North Carolina officials recently confirmed that 11 confirmed cases of Monkeypox has been reported in the state.
10 of those cases are North Carolina residents, while 1 is a non-resident.
Nearly 929 people in the United States have been infected with Monkeypox since May 18, according to the National Centers For Disease Control And Prevention.
The first case in North Carolina was reported in Haywood County. The NCDHHS announced the confirmed case on June 23. Three days later, Mecklenburg County reported its first case and on Tuesday, Durham County reported its first case.
NCDHHS says it will not provide a county-by-county breakdown or saying where new cases have occurred.
They say they want to protect patient privacy.
Monkeypox is part of the Orthopoxvirus genus, which also contains the virus that causes smallpox. According to the CDC, most outbreaks of Monkeypox are linked to countries in central and Western Africa.
The West African strain involved in this outbreak has a high survival rate but can be “extremely painful” and leave lifelong scars, according to the CDC.
Sadly, Monkeypox can cause death, according to the CDC. Including individuals who are pregnant or breastfeeding, children younger than 8 years and individuals who have had eczema or who are immunocompromised.
The virus can cause a rash with fluid-filled blister that later dries and scabs over.
WATCH VIDEO OF MAN IN HOSPITAL WITH MONKEYPOX VIRUS BELOW:
It has been reported that some people diagnosed with Monkeypox have had lesions on the penis, anus, hands, feet, arm, legs, and face. According to UNC Health, blisters can appear in unusual places such as the palms or soles of the feet.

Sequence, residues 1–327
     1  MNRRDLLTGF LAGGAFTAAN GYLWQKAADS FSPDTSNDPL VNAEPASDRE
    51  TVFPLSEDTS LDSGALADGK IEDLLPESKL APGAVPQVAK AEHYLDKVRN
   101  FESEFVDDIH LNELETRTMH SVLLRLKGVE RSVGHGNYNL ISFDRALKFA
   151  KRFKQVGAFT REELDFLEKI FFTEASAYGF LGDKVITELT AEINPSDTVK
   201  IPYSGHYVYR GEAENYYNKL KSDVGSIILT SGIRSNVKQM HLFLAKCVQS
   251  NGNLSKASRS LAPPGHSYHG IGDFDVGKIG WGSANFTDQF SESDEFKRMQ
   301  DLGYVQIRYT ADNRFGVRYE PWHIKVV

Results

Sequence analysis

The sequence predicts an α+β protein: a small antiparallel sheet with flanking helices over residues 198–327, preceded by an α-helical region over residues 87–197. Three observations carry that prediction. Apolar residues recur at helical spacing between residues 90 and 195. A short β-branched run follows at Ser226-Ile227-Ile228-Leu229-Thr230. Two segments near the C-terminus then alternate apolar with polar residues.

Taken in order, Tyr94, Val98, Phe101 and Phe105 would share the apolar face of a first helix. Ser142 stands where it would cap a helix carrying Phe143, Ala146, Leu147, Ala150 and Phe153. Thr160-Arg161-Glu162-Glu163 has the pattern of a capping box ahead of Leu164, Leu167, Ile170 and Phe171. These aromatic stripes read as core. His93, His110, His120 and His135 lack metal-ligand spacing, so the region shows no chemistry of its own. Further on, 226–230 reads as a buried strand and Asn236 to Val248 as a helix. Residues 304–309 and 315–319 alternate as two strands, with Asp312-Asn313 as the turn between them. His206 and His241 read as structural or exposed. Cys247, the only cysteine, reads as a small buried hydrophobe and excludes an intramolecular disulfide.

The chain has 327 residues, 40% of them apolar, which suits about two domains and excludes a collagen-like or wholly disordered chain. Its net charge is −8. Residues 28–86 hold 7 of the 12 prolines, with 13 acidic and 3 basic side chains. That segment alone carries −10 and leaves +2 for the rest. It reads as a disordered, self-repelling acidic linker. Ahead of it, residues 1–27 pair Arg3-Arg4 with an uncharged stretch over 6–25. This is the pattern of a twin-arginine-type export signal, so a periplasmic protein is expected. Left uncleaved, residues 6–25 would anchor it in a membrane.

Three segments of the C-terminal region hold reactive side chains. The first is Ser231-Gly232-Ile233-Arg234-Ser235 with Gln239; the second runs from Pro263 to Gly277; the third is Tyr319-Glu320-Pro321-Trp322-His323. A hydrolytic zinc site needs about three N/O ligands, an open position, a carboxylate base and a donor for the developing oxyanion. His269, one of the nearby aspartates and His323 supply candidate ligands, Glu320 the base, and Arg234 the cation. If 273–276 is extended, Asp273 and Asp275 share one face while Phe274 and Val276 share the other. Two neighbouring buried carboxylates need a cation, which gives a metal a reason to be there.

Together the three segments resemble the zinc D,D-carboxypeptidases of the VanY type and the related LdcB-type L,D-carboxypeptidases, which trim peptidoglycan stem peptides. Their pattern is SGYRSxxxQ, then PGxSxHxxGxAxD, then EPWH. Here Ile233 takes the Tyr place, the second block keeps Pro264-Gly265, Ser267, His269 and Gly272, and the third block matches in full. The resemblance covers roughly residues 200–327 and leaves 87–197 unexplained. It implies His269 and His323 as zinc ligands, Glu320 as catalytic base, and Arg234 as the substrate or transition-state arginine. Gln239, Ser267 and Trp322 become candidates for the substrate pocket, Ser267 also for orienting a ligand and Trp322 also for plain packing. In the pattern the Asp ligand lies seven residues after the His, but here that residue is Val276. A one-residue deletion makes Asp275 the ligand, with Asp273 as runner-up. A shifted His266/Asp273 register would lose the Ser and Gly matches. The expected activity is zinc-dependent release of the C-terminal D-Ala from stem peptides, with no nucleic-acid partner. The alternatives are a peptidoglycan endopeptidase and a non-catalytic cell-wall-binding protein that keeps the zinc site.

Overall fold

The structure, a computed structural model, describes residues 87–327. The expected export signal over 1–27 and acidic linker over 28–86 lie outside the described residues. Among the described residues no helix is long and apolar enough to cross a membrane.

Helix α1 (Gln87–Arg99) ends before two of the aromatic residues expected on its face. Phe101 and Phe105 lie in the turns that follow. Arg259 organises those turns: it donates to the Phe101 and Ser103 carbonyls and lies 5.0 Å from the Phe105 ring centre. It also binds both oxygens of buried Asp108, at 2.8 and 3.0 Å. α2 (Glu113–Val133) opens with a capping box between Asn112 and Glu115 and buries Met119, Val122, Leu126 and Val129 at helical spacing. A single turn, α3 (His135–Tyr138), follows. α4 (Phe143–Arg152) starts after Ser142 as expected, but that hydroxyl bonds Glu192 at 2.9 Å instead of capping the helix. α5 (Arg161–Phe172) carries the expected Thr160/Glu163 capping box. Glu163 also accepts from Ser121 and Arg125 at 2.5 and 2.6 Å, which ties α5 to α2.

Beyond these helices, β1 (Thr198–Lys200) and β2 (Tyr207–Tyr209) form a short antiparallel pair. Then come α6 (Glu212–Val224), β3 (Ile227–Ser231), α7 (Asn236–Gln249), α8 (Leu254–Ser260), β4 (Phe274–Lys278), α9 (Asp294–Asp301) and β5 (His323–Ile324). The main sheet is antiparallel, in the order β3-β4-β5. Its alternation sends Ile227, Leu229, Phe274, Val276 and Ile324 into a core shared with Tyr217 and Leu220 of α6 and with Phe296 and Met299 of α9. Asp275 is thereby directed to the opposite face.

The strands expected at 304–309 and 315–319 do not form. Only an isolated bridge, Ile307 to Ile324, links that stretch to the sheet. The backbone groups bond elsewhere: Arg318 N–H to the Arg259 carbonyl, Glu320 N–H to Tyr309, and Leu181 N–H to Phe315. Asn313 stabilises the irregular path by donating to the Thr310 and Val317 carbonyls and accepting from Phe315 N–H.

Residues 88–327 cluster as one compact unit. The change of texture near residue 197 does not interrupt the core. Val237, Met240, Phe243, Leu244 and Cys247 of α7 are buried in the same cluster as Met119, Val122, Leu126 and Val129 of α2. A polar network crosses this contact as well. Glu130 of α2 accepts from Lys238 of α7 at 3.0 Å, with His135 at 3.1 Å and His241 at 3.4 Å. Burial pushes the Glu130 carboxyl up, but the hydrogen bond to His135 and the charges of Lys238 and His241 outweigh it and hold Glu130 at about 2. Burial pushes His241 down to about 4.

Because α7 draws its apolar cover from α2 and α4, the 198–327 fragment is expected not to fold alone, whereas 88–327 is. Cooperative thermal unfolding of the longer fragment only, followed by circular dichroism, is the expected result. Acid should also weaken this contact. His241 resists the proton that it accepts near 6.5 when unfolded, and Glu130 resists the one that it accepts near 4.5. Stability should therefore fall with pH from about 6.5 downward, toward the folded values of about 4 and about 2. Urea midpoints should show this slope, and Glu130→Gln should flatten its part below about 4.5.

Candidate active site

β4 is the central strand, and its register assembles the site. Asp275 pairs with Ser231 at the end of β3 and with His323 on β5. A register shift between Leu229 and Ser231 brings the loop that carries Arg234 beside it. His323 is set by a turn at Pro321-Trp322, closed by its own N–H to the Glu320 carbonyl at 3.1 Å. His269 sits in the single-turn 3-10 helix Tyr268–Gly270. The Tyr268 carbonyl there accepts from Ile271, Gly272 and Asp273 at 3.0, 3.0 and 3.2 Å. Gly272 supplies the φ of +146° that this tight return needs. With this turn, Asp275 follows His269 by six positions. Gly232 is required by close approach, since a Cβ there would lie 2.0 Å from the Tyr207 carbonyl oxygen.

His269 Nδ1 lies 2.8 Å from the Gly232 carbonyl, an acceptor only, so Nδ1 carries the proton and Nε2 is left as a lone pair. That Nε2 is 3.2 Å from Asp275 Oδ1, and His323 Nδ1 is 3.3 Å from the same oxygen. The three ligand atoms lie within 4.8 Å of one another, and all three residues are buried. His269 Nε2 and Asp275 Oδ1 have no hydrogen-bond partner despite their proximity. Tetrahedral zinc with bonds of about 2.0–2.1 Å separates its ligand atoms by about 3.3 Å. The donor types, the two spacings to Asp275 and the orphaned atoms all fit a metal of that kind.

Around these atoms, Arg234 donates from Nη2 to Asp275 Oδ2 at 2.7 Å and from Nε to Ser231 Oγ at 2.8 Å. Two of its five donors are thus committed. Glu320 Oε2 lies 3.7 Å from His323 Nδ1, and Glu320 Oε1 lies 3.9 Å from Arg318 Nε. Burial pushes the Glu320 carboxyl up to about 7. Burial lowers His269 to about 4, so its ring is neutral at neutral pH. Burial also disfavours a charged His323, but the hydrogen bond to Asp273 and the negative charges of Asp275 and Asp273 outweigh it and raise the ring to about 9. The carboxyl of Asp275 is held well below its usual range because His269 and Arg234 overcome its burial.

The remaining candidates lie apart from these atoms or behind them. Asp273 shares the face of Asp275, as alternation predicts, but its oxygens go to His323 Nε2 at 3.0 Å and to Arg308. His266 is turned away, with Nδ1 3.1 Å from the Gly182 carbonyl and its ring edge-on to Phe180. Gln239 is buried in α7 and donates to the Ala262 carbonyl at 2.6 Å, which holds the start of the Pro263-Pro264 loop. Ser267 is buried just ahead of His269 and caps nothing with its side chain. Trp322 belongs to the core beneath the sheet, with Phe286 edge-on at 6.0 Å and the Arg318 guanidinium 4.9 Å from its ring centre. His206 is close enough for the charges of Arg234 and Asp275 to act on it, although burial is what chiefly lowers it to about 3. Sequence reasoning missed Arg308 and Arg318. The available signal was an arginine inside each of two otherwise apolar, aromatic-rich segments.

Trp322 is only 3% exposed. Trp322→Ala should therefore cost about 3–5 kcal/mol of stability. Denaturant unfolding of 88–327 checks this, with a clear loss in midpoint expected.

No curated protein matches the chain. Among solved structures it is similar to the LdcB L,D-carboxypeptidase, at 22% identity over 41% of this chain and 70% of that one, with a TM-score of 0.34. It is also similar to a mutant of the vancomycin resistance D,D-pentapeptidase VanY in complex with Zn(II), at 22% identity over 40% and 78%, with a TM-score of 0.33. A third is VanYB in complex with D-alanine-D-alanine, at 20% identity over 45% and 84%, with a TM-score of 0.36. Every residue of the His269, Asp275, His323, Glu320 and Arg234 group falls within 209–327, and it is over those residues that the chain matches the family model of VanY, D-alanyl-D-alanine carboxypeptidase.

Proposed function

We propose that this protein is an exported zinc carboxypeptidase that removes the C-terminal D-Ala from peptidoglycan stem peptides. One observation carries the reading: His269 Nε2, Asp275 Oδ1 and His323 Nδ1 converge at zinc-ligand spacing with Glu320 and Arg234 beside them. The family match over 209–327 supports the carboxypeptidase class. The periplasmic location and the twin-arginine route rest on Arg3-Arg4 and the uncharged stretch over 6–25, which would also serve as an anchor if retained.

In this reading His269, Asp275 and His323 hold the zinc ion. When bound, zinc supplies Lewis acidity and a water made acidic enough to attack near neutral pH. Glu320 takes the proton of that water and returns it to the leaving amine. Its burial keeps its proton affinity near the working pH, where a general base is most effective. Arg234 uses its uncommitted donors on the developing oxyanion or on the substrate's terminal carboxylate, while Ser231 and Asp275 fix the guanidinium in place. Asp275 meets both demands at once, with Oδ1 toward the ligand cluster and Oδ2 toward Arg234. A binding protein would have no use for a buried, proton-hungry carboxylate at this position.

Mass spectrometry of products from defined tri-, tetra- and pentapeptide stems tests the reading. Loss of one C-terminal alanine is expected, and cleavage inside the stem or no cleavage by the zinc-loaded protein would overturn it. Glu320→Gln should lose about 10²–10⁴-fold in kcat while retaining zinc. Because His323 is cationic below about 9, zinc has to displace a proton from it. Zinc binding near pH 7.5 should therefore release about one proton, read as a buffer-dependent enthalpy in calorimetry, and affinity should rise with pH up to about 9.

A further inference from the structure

According to UNC Health, some patients might experience other symptoms before they notice any bumps. Some individuals may feel ill, be fatigued, experience headaches or notice swollen glands, according to the website.
While asymptomatic individuals can spread COVID-19, the CDC says individuals infected with monkeypox can spread the virus only if they have symptoms.
Monkeypox is transmitted person to person through direct skin-to-skin contact, having contact with an infectious rash, through body fluids or through respiratory secretions, according to DHHS.
Such contact often occurs during prolonged, face-to-face contact or during intimate physical contact, such as kissing, cuddling or sex. While anyone can get monkeypox, in the current outbreak, many of the cases are in men who have sex with men.
There are other ways to contract the virus.
Touching items (such as clothing or linens) that previously touched the infectious rash or body fluids is another way monkeypox spreads, according to the CDC.
It’s also possible for people to get monkeypox from infected animals, either by being scratched or bitten by the animal or by eating meat or using products from an infected animal.
Symptoms can last for two-four weeks, and infected individuals can be contagious until their rash disappears and new skin covers the affected area, according to the CDC.
Anyone who has symptoms consistent with monkeypox and those who have had contact with someone who has monkeypox should isolate at home away from others.
On June 28, the White House announced that it would begin sending vaccines to areas that needed them the most.
With today’s national monkeypox vaccine strategy, the United States is significantly expanding deployment of vaccines, allocating 296,000 doses over the coming weeks, 56,000 of which will be allocated immediately, the White House said in the press release.
Over the coming months, a combined 1.6 million additional doses will become available.
Last week, DHHS announced the state will receive 444 doses that will go to Buncombe, Durham, Forsyth, Mecklenburg, New Hanover, Pitt and Wake counties.